> The following position announcement from PALINET (Philadelphia, PA)
> was brought to my attention:
>    Technology Consultant
>    PALINET seeks a technologist, who is a leader and visionary to
>    define and develop innovative technology solutions for its 600
>    member libraries in the Mid-Atlantic region. As Senior Technology
>    Consultant you will take an active role in enhancing PALINET's
>    position as a leading technology advisor through awareness
>    building, training, and consulting. You will facilitate adoption
>    and implementation of new technology tools, methods, and
>    resources by PALINET member libraries such as digitization and
>    digital library development, portals and federated searching,
>    institutional repositories, e-content management and related
>    areas.

This is a cool-sounding job... it sounds as if they're still looking. This
had been John Iliff's position, but my take on this slot is that whoever
goes into it can make it as unique and wonderful in his or her own way as
John did in his.

Eric's follow-up comment about his short stint at PALINET made me laugh... I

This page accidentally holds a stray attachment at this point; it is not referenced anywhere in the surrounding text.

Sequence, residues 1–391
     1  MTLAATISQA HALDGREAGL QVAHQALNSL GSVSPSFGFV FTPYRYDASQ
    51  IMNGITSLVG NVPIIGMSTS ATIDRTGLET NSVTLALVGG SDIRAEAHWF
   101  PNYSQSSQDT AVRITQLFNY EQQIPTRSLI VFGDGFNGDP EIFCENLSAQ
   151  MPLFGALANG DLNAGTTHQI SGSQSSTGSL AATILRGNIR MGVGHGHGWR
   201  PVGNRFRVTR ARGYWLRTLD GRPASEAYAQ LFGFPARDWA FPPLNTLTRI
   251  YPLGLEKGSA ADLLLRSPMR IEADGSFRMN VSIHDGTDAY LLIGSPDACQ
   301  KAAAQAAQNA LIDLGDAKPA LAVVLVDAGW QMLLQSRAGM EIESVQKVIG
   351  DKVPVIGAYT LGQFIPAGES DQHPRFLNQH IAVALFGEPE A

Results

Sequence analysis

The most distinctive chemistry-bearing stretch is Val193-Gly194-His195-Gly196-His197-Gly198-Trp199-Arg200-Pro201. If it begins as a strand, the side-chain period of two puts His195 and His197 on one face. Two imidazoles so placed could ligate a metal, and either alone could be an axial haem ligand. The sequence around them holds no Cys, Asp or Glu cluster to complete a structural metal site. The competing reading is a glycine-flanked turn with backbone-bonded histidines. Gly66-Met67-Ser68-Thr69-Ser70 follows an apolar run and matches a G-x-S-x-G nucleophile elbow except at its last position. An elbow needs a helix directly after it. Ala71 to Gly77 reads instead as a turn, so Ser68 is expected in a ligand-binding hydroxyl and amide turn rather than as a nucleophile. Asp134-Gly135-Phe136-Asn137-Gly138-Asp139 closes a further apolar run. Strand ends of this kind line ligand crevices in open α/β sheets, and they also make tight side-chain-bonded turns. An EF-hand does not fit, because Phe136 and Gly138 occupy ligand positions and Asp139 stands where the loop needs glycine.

remember how relieved I was to change jobs after six months at Queens in my
first library gig after grad school, when in early 1993 I went from
children's services to a new slot in Tech Services that after some
head-scratching we called Electronic Resources Librarian. Toddler Time with
a dozen wandering two-year-olds seemed SO much more challenging (and WAS)
than launching one of the first Internet training programs for library staff
or being on the team that launched the first truly online catalogs...
opening day with the online catalogs featured some hairy moments (my
compadre on that project and I had written the screen prompts to say to
press "Return" when the keyboards were labeled "Enter"-or perhaps it was
vice versa... in any event, just picture the scene in your head, droves of
quarrelsome New Yorkers barking "There's no 'Return' key!"), and for anyone
who can remember introducing the 'net to librarians back in the day, it
wasn't always easy ("Why do I need to learn this? It's not my job, I'll
never need it!"). But compared to trying to amuse and educate toddlers...
for me, at least, a piece of cake.

What does this have to do with CODE4LIB? Well, I am not entirely sure, but
it helps to remember that what's "easy" or "intuitive" or "natural" is a
very relative concept, and our systems should reflect that.

Karen G. Schneider
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